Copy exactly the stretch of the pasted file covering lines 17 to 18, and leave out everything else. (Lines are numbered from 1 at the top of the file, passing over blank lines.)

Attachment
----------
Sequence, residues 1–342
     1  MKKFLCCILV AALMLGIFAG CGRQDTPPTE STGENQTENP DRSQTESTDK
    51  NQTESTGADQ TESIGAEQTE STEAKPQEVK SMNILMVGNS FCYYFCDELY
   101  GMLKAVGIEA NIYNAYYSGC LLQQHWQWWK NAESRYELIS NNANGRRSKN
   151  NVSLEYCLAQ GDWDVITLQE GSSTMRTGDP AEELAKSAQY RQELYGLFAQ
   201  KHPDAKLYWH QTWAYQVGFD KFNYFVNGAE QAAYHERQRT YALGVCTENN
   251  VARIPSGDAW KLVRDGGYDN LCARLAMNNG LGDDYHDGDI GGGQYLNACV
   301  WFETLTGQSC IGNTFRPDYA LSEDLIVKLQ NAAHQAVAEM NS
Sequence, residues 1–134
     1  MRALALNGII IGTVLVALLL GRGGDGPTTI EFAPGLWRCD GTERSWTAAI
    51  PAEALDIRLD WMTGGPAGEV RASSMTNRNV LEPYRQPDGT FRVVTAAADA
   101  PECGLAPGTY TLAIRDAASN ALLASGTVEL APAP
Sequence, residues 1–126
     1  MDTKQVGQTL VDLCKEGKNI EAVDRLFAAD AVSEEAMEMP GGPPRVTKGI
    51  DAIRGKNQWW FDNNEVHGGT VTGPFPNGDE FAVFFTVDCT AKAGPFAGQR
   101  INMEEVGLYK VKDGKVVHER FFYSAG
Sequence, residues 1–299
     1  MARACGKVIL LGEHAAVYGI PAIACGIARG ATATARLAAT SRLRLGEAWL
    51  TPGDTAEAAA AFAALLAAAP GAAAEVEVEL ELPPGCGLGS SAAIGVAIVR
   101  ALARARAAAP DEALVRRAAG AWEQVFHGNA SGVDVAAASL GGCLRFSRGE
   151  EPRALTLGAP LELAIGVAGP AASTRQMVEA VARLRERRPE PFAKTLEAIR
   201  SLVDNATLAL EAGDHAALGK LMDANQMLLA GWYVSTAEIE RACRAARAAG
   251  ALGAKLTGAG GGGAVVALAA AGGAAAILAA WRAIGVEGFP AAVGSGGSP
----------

Sequence, residues 1–299
     1  MARACGKVIL LGEHAAVYGI PAIACGIARG ATATARLAAT SRLRLGEAWL